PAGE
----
From Dynabook to Netbook – History of the Laptop

Todays ultra portable laptops have a come a long way since the bulky, sewing machine sized PCs of the 70s and early eighties. Notebooks have become a market phenomenon and are now more popular than desktop computers, but where did the idea come from to develop a laptop?

This is a difficult question to answer conclusively, however there can be no doubt that the world of laptops is indebted to american technological visionairy Alan Kay. Kay imagined a portable computer which he called the Dynabook which would have wireless network capabilities, excellent color graphics and tremendous computing power.

Alan convinced the Xerox Palo Alto Research Center to fund a laboratory to work on his vision. Eventually putting together the best hardware prototype of the Dynabook that he could manage with available technology. The result In 1972 was “the Alto”, which had bitmapped display, mouse and network connectivity and could be considered the prototype for the modern workstation. He also set out to design software to make it all usable.

Choosing school children as his test audience he did a series of evaluations and experiments then followed up by analysing people actually using the system. The result was Smalltalk which was used with the new Xerox Star computer which alas turned out to be a commercial failure.

IBM 5100 computer

Some consider the IBM 5100 to be the first portable computer on the market. The pioneeering 5100 was announced in September 1975 tipped the scales at a beefy 50lbs and was available in 12 models which varied in memory from 16kb to 64kb. Prices for these machines shot up to almost $20,000. This was out of the price range of most home users so the 5100 was withdrawn from shelves in 1982.

Osborne 1

In 1981 Adam Osborne released the Osborne 1. This machine came bundled with its own software and operating system, had a keyboard, two floppy drives and a very small screen, barely 5 inches in width. It weighed half as much as the IBM 5100 at 24.5 pounds and retailed for $1,795.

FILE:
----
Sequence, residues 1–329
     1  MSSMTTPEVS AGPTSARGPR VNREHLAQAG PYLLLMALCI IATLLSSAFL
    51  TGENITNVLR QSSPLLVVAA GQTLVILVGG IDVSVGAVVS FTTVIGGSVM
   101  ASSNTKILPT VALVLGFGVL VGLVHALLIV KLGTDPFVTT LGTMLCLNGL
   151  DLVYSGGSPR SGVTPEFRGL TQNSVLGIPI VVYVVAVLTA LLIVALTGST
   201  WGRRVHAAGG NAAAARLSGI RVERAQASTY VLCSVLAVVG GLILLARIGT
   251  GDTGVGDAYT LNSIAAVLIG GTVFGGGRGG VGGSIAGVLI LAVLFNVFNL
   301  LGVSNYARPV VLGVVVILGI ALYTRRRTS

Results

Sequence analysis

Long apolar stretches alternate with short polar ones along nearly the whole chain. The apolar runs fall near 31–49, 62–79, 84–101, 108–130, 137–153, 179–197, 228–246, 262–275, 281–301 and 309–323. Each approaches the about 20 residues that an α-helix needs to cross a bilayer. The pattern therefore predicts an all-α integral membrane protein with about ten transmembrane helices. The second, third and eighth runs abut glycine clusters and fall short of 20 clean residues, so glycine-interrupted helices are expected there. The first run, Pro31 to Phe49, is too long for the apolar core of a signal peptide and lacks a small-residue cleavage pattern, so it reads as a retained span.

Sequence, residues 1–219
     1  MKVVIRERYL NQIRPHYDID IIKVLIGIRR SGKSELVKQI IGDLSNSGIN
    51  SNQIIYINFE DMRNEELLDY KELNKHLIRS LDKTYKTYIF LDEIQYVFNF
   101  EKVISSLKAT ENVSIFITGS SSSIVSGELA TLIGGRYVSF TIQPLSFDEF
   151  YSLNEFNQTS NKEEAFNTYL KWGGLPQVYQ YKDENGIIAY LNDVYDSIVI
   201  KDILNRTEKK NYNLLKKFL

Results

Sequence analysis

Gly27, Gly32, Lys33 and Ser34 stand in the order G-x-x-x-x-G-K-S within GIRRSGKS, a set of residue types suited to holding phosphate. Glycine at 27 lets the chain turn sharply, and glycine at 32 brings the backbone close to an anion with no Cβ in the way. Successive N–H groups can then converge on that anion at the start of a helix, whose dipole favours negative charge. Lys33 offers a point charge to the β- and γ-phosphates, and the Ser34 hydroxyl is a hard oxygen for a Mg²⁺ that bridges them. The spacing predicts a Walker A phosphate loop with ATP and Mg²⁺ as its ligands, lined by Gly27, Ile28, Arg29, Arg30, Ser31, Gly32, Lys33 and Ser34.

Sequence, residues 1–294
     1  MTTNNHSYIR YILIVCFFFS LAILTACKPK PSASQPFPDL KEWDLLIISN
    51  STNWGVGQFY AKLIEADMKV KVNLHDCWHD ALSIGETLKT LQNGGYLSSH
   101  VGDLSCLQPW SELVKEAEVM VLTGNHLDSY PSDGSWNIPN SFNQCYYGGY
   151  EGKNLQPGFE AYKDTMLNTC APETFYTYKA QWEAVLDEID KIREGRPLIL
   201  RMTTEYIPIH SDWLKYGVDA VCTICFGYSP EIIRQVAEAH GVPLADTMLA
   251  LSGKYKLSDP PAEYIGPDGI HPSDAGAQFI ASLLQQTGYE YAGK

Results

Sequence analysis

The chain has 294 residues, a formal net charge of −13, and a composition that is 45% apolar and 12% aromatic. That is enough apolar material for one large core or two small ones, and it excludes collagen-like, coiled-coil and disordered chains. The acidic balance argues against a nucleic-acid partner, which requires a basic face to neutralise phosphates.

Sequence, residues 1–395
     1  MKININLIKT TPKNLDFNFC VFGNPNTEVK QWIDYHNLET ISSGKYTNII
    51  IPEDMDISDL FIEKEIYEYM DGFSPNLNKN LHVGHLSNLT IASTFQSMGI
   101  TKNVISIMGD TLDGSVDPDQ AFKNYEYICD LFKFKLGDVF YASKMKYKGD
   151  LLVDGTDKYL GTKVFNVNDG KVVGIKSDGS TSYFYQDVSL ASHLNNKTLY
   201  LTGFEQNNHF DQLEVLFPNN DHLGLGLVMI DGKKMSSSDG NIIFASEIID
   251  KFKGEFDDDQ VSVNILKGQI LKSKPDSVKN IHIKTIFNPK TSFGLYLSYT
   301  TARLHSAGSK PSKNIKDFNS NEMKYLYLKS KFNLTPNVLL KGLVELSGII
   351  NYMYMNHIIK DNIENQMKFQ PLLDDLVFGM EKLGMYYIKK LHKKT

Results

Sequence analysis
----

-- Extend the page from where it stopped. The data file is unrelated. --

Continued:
Gavilan SC computer

In 1983, Gavilan Computer produced a laptop computer caled the Gavilan SC, which ran MS-DOS with 64 kilobytes (expandable to 128 kilobytes) of random access memory (RAM). The Gavilan weighed in at 9 lb (4 kg) alone or 14 lb (6.4 kg) with printer. It had a floppy drive that was not compatible with other computers. At just under $4000, sales were slow and the company failed before the Gavilan SC could take off.

Apple IIc

Then in 1984, Apple Computers gave us the Apple IIc model. The IIc was a notebook sized computer targeted at the home and educational markets, and was very successful for about five years. It was Apple’s first foray into the laptop market and was the predecessor of their ultra successful line of iBooks, Powerbooks and Macbooks.

IBM PC Convertible

In 1986 the IBM PC Convertible was famed for its clamshell design. Data storage was supplied by two 3.5 inch floppy drives as hard drives at this point in time were too large to fit into a battery powered portable machine. The PC Convertible used an 8088 microprocessor running at 4.77 MHz, it had 256 kilobytes of memory, two 3.5-inch floppy drives, liquid crystal display, parallel and serial printer ports and a space for an internal modem. It came with its own applications software, weighed around 12 lbs and sold for under $2,500.

Apple Powerbook

The PowerBook 100 was a laptop manufactured by Apple in 1991 that gained huge market share. Priced at $2,300 in the States. It sported a Motorla 68000 16-megahertz (MHz) processor, 20mb hard drive, 2 to 8 megabytes (MB) of memory, and a 9-inch (23 cm) monochrome backlit LCD screen with 640 × 400 pixel resolution. It did not have a built-in floppy disk drive but did have a trackball pointing device in front of the keyboard for moving the cursor. It weighed only 5.1 pounds

Shortly after this Powerbook series many other brands entered the market, IBM with their hugely popular Thinkpad range and Sony with their high end VAIO line up to name but two.

Since then many companies such as Asus, Dell, MSI and Toshiba have built upon Alan Kay’s original idea and developed laptops and notebooks to a higher level of performance and portability.

Today’s computers are much faster, lighter, and more sophisticated than their older 70s, 80s and 90s siblings. Certainly 21st century machines are closer to Kay’s original Dynabook concept. Indeed, looking back to 1975 we can see that IBM’s 5100 weighed over 50 pounds and cost almost 20 grand.